The following cases are under the exclusive original jurisdiction of the Regional Director. 1978 Labor Code. enunciating the rationale for. or d) there is no more employer-employee relationship. 823. 3 3. xxx xxx xxx 2. (Emphasis supplied) Under the foregoing. the Labor Arbiters: 1. The following cases are certifiable to the Labor Arbiters: a) Cases not settled by the Conciliation Section of the Regional Office. xxx xxx xxx 6. (c) unfair labor practice cases. 6 was issued. "Conciliable cases" which were thus previously under the jurisdiction of the defunct Conciliation Section of the Regional Office for purposes of conciliation or amicable settlement. Cases which are conciliable per se i.employee relationship still exists shall be assigned to the Labor Arbiters where: a) intricate questions of law are involved. assured "expeditious delivery to him of his rights and benefits free of charge". provided of course. 2. whichever is lower. 37 — Because of the seemingly overlapping functions as a result of PD 1391. and provides in part (on labor standards cases) as follows: POLICY INSTRUCTIONS NO. PD 1391 (5-29-78) — all regional units of the National Labor Relations Commission (NLRC) were integrated into the Regional Offices Proper of the Ministry of Labor. MOLE Policy Instructions No. and provided in part: POLICY INSTRUCTIONS NO. 1. or b) evidentiary matters not disclosed or verified in the normal course of inspection by labor regulations officers are required for their proper disposition. The purpose is clear: to assure the worker the rights and benefits due to him under labor standards laws without having to go through arbitration. particularly in the substantive aspect. and (d) overseas employment cases. 1978. and the scope of. 2 On April 23. (Article 228. became immediately assignable to the Arbitration Branch for joint conciliation and compulsory arbitration. In addition. except those involving overseas seamen. the Labor Arbiter had jurisdiction even over termination and labor-standards cases that may be assigned to them for compulsory arbitration by the Director of the Regional Office.000. The Regional Director. The procedure governing the disposition of cases at the Arbitration Branch paralleled those in the Special Task Force and Field Services Division. Labor Standards Cases. b) the amount involved exceeds P100. MOLE Policy Instructions No. 1391 and to insure speedy disposition of labor cases.e. the following guidelines are hereby established for the information and guidance of all concerned. except those falling under P. the first and second paragraphs of which provide as follows: POLICY INSTRUCTIONS NO. PD 1391 merged conciliation and compulsory arbitration functions in the person of the Labor Arbiter. his decisions and orders subject to review only on appeal to the NLRC. namely: 1) labor standard cases where employer-employee relations no longer exist. 6 TO: All Concerned SUBJECT: DISTRIBUTION OF JURISDICTION OVER LABOR CASES xxx xxx xxx 1. The whole enforcement machinery of the Department of Labor exists to insure its expeditious delivery to him free of charge. (It also removed his jurisdiction over moral or other damages) In other words.governing provisions on jurisdiction into one document.D. labor standards cases have been taken from the arbitration system and placed under the enforcement system. The worker need not litigate to get what legally belongs to him . MOLE Policy Instructions No. 1976. the Labor Arbiter entertained cases certified to him. Conciliable Cases. The following cases are under the exclusive original jurisdiction of the Conciliation Section of the Regional Office: a) Labor standards cases where employer-employee relations no longer exist. 3. 7 (undated) was likewise subsequently issued.) 2. 7 TO: All Regional Directors SUBJECT: LABOR STANDARDS CASES Under PD 850. shall be assigned by the Regional Director to the Labor Arbiter for conciliation and arbitration without coursing them through the conciliation section of the Regional Office. PD 1367 (5-1-78) — gave Labor Arbiters exclusive jurisdiction over unresolved issues in collective bargaining. (a) labor standards cases where employer-employee relationship no longer exists. a complaining employee who was denied his rights and benefits due him under labor standards law need not litigate. Cases involving violation of labor standards laws where employer. he was still in the employ of the firm. etc. effectively transferring direct administrative control and supervision over the Arbitration Branch to the Director of the Regional Office of the Ministry of Labor. by virtue of his enforcement power. 37 TO: All Concerned SUBJECT: ASSIGNMENT OF CASES TO LABOR ARBITERS Pursuant to the provisions of Presidential Decree No. and supervision over. the enforcement power of the Regional Director. and those cases arising from employer-employee relations duly indorsed by the Regional Directors. (b) cases involving deadlock in collective bargaining.. After PD 850. except where a) questions of law are involved as determined by the Regional Director. 8 . Article 216 underwent a series of amendments (aside from being re-numbered as Article 217) and with it a corresponding change in the jurisdiction of.00 or over 40% of the equity of the employer. 37 was issued on October 7. a) Labor standards cases arising from violations of labor standard laws discovered in the course of inspection or complaints where employer-employee relations still exist. as amended. xxx xxx xxx (Emphasis supplied) MOLE Policy Instructions No. with one major exception: the Labor Arbiter exercised full and untrammelled authority in the disposition of the case.. c) the case requires evidentiary matters not disclosed or verified in the normal course of inspection. Disposition of Cases.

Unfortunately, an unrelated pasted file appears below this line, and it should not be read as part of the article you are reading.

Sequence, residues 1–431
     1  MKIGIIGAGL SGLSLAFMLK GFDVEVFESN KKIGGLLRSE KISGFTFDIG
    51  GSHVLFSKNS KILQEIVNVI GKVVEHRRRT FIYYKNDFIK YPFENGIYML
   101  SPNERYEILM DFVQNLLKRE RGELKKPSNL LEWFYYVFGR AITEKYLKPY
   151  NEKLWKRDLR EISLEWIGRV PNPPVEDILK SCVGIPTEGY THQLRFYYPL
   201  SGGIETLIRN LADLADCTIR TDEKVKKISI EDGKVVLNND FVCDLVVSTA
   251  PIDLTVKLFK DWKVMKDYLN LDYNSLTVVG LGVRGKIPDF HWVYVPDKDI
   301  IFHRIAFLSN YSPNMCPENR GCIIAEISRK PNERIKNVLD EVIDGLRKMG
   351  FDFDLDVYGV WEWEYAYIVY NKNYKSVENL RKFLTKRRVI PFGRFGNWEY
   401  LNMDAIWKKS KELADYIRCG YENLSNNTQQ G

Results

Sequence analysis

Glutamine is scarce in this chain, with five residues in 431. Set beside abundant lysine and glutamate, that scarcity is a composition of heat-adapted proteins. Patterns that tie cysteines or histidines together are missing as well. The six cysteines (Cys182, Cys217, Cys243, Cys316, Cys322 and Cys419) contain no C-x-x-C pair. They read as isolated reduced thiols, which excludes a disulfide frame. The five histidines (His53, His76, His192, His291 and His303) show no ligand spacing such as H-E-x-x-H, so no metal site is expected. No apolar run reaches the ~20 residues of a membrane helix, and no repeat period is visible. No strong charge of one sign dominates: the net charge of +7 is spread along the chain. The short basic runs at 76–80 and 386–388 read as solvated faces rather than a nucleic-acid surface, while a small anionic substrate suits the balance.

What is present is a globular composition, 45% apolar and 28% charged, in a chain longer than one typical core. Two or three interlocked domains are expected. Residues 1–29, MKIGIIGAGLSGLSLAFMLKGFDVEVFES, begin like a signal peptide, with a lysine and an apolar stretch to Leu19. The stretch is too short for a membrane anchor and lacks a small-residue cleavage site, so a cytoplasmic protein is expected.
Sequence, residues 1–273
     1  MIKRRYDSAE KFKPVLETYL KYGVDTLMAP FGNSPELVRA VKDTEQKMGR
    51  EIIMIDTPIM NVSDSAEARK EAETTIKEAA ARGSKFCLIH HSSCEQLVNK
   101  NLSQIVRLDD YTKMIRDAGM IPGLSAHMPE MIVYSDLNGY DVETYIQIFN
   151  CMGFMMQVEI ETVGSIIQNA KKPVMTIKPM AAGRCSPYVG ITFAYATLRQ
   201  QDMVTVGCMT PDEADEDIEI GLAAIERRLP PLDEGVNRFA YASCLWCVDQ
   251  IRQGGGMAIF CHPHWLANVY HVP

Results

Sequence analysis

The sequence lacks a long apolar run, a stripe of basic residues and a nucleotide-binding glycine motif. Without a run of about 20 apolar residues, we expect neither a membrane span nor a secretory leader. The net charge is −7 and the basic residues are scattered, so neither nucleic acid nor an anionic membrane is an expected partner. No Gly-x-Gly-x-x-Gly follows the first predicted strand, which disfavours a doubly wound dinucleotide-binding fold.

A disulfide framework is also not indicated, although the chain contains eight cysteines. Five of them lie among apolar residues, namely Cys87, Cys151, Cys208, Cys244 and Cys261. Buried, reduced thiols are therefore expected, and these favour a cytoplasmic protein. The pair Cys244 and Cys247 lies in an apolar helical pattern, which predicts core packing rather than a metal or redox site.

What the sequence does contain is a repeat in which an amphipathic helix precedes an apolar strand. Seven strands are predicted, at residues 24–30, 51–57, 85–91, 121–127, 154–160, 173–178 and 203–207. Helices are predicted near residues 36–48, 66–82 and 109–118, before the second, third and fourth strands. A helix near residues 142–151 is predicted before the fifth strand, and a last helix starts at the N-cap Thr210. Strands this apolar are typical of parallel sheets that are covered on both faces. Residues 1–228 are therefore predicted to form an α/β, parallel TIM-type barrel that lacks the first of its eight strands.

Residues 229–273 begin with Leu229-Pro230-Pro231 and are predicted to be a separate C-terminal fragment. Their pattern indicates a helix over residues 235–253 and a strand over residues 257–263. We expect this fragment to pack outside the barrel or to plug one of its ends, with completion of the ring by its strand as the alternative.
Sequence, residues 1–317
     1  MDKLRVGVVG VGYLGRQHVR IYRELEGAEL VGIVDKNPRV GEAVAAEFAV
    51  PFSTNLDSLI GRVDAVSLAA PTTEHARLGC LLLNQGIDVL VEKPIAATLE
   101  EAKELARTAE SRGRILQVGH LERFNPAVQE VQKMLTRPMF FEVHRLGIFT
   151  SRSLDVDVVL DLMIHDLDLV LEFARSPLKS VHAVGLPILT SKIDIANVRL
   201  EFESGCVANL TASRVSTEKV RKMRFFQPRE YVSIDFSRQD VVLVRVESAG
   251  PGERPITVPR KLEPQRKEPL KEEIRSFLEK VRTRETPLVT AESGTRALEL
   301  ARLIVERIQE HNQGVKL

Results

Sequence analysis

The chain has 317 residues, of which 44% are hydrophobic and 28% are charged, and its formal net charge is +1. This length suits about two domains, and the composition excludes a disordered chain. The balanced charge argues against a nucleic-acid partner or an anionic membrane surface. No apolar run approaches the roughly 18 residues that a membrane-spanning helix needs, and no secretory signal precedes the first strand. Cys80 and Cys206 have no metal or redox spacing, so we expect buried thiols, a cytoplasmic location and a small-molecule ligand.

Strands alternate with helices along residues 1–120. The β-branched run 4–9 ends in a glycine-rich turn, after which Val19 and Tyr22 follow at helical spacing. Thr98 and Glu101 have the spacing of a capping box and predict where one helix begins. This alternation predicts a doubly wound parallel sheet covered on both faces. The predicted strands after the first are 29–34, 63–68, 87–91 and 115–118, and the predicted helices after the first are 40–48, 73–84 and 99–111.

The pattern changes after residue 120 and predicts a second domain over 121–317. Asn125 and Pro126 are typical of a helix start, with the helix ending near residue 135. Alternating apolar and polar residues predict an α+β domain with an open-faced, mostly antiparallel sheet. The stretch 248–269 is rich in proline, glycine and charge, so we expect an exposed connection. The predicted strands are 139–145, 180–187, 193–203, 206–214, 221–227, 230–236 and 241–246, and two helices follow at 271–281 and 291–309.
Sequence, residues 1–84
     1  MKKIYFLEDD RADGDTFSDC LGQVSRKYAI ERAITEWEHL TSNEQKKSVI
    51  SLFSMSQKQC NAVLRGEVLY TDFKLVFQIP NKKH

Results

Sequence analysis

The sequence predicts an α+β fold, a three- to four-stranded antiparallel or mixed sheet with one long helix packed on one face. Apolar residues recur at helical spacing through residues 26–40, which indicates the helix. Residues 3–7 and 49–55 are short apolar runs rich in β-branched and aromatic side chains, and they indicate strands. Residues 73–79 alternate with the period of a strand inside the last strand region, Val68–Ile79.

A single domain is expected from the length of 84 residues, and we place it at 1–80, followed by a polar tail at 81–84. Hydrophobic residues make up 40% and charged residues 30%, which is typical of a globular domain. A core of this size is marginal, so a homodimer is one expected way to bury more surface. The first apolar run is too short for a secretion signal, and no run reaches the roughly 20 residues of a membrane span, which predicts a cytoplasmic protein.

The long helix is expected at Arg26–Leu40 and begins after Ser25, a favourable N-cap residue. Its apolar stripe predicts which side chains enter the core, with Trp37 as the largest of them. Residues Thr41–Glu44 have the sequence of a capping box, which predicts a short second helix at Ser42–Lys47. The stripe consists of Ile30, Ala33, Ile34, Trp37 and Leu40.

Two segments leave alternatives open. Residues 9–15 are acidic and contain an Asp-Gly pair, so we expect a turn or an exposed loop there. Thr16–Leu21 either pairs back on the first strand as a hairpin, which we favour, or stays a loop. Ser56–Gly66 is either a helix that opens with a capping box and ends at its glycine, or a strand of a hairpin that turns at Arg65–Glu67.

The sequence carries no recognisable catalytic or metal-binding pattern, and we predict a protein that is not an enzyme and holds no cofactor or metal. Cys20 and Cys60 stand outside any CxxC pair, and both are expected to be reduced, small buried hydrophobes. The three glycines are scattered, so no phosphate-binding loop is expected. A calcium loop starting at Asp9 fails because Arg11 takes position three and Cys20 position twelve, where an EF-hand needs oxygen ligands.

without being inconvenienced by arbitration/litigation processes that prove to be not only nerve-wracking. 3. provides: ART. it pleaded for time to raise funds to satisfy its obligation. separation pay and other benefits provided by law or appropriate agreement. after due notice and hearing. the employer disputed the adequacy of the evidentiary foundation (employees' affidavits) of the findings of the labor standards inspectors while in the Zambales case. The present petition questions the authority of the Regional Director to issue the Order. All money claims of workers. It is contended that based on the rulings in the Ong vs. Cases involving household services. vs. shall be assigned to and resolved by him. 1691. It is Our considered opinion however. (Emphasis supplied) On the other hand. above-cited. 227. petitioner admitted the charge of underpayment of wages to workers still in its employ. except claims for employees' compensation. Jurisdiction of Labor Arbiters and the Commission. a Regional Director is precluded from adjudicating money claims on the ground that this is an exclusive function of the Labor Arbiter under Article 217 of the present Code. except in cases where the employer contests the findings of the labor regulation officer and raises issues which cannot be resolved without considering evidentiary matters that are not verifiable in the normal course of inspection. However. it is clear that it has always been the intention of our labor authorities to provide our workers immediate access (when still feasible. the following cases involving all workers. and 5. Barely less than a month after the promulgation on November 26. (Emphasis supplied) The Ong and Zambales cases involved workers who were still connected with the company. In other words. PD 1691(5-1-80) — original and exclusive jurisdiction over unresolved issues in collective bargaining and money claims. including questions involving the legality of strikes and lock-outs.. Cases arising from any violation of Article 265 of this Code. and to issue writs of execution to the appropriate authority for the enforcement of their order. Article 128(b) 4 read as follows: (b) The Minister of Labor or his duly authorized representatives shall have the power to order and administer. 1986. Despite the original and exclusive jurisdiction of labor arbiters over money claims. 1986 of the Zambales Base Metals case. 4. — (a) The Labor Arbiters shall have the original and exclusive jurisdiction to hear and decide within thirty (30) working days after submission of the case by the parties for decision. merely confirms/reiterates the enforcement adjudication authority of the Regional Director over uncontested money claims in cases where an employer-employee relationship still exists. compliance with the labor standards provisions of this Code AND OTHER LABOR LEGISLATION based on the findings of labor regulation officers or industrial safety engineers made in the course of inspection. hours of work and other terms and conditions of employment. On August 4. " The provisions of Article 217 of this Code to the contrary notwithstanding and in cases where the relationship of employer-employee still exists" . 1986. 5 amending Article 128(b) of the Labor Code. except in cases where the employer contests the findings of the labor regulations officer and raises issues which cannot be resolved without considering evidentiary matters that are not verifiable in the normal course of inspection. 1982. after due notice and hearing. effective May 1. BP 227(6-1. 7 and 37. the money claims which arose from alleged violations of labor standards provisions were not discovered in the course of normal inspection. Batas Pambansa Blg.When a case is assigned to a Labor Arbiter. dated August 4. EO 111 authorizes a Regional Director to order compliance by an employer with labor standards provisions of the Labor Code and other legislation. the Regional Director nonetheless retained his enforcement power. BP 130 (8-21-8l) — strengthened voluntary arbitration.. the provisions of MOLE Policy Instructions Nos. provided an employer-employee relationship still exists. compliance with the labor standards provisions of this Code based on the findings of labor regulation officers or industrial safety engineers made in the course of inspection. 9 . that the inclusion of the phrase. are inapplicable. 6. and to issue writs of execution to the appropriate authority for the enforcement of their orders. to read as follows: (b) THE PROVISIONS OF ARTICLE 217 OF THIS CODE TO THE CONTRARY NOTWITHSTANDING AND IN CASES WHERE THE RELATIONSHIP OF EMPLOYER-EMPLOYEE STILL EXISTS. and Batas Pambansa Blg. in the Ong case. (Emphasis supplied) As seen from the foregoing. 111 was issued on December 24. which includes moral or other damages. 1980. operating as Arbitration Branch thereof. Inc. inter alia. 130. Article 217 of the Labor Code as amended by P. Those that workers may file involving wages. as amended. 1981. however. 217. effective June 1. Unfair labor practice cases. in Article 128(b). whether agricultural or non-agricultural: 1. and remained empowered to adjudicate uncontested money claims.D. and not merely issues involved therein. The decree also returned the Labor Arbiters as part of the NLRC. Parel (supra) and the Zambales Base Metals. but financially burdensome in the long run. In the present case. 1986. including those based on non-payment or underpayment of wages. social security. 6. xxx xxx xxx (Emphasis supplied) 4. 5. as where an employer-employee relationship still exists) to their rights and benefits. 2. There was thus no contest against the findings of the labor inspectors. The Minister of Labor (supra) cases. all issues raised therein shall be resolved by him including those which are originally cognizable by the Regional Director to avoid multiplicity of proceedings. 6. the Minister of Labor and Employment or his duly authorized representatives shall have the power to order and administer. effective August 21. when the order was issued. Executive Order No. 6 Viewed in the light of PD 850 and read in coordination with MOLE Policy Instructions Nos. overtime compensation. on the basis of his visitorial and enforcement powers under Article 128 (formerly Article 127) of the present Labor Code. (Distribution of Jurisdiction Over Labor Cases) and 37 (Assignment of Cases to Labor Arbiters) giving Regional Directors adjudicatory powers over uncontested money claims discovered in the course of normal inspection. in fact.82) — original and exclusive jurisdiction over questions involving legality of strikes and lock-outs. the whole case. medicare and maternity benefits. Thus.